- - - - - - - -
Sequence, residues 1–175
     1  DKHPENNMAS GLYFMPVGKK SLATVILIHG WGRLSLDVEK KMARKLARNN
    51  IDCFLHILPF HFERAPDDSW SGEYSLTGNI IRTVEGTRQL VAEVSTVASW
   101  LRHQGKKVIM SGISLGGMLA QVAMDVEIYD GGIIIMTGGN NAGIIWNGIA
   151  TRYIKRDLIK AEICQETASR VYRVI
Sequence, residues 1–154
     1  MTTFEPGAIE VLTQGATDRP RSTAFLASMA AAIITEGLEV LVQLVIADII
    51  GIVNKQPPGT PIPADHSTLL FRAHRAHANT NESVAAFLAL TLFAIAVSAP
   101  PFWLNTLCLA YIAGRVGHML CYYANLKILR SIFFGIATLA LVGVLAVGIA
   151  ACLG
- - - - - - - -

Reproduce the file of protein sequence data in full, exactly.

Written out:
Sequence, residues 1–175
     1  DKHPENNMAS GLYFMPVGKK SLATVILIHG WGRLSLDVEK KMARKLARNN
    51  IDCFLHILPF HFERAPDDSW SGEYSLTGNI IRTVEGTRQL VAEVSTVASW
   101  LRHQGKKVIM SGISLGGMLA QVAMDVEIYD GGIIIMTGGN NAGIIWNGIA
   151  TRYIKRDLIK AEICQETASR VYRVI
Sequence, residues 1–154
     1  MTTFEPGAIE VLTQGATDRP RSTAFLASMA AAIITEGLEV LVQLVIADII
    51  GIVNKQPPGT PIPADHSTLL FRAHRAHANT NESVAAFLAL TLFAIAVSAP
   101  PFWLNTLCLA YIAGRVGHML CYYANLKILR SIFFGIATLA LVGVLAVGIA
   151  ACLG